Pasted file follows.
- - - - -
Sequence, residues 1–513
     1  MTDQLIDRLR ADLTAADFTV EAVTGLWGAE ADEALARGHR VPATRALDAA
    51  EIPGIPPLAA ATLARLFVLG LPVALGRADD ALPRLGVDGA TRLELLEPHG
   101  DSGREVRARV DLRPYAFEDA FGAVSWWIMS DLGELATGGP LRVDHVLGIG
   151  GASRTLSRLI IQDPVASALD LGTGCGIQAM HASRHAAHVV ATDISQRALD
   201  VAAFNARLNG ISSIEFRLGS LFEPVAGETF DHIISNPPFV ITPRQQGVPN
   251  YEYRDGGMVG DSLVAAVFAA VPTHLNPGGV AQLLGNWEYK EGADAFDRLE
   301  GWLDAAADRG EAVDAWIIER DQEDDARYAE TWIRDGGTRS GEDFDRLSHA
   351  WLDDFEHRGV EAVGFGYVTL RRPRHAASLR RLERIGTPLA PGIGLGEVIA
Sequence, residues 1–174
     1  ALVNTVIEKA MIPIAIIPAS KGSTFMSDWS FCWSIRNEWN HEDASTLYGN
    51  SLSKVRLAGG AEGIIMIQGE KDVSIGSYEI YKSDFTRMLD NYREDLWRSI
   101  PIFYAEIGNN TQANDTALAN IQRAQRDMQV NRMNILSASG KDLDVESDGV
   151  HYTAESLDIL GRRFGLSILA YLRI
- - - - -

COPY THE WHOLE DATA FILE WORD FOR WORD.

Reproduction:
Sequence, residues 1–513
     1  MTDQLIDRLR ADLTAADFTV EAVTGLWGAE ADEALARGHR VPATRALDAA
    51  EIPGIPPLAA ATLARLFVLG LPVALGRADD ALPRLGVDGA TRLELLEPHG
   101  DSGREVRARV DLRPYAFEDA FGAVSWWIMS DLGELATGGP LRVDHVLGIG
   151  GASRTLSRLI IQDPVASALD LGTGCGIQAM HASRHAAHVV ATDISQRALD
   201  VAAFNARLNG ISSIEFRLGS LFEPVAGETF DHIISNPPFV ITPRQQGVPN
   251  YEYRDGGMVG DSLVAAVFAA VPTHLNPGGV AQLLGNWEYK EGADAFDRLE
   301  GWLDAAADRG EAVDAWIIER DQEDDARYAE TWIRDGGTRS GEDFDRLSHA
   351  WLDDFEHRGV EAVGFGYVTL RRPRHAASLR RLERIGTPLA PGIGLGEVIA
Sequence, residues 1–174
     1  ALVNTVIEKA MIPIAIIPAS KGSTFMSDWS FCWSIRNEWN HEDASTLYGN
    51  SLSKVRLAGG AEGIIMIQGE KDVSIGSYEI YKSDFTRMLD NYREDLWRSI
   101  PIFYAEIGNN TQANDTALAN IQRAQRDMQV NRMNILSASG KDLDVESDGV
   151  HYTAESLDIL GRRFGLSILA YLRI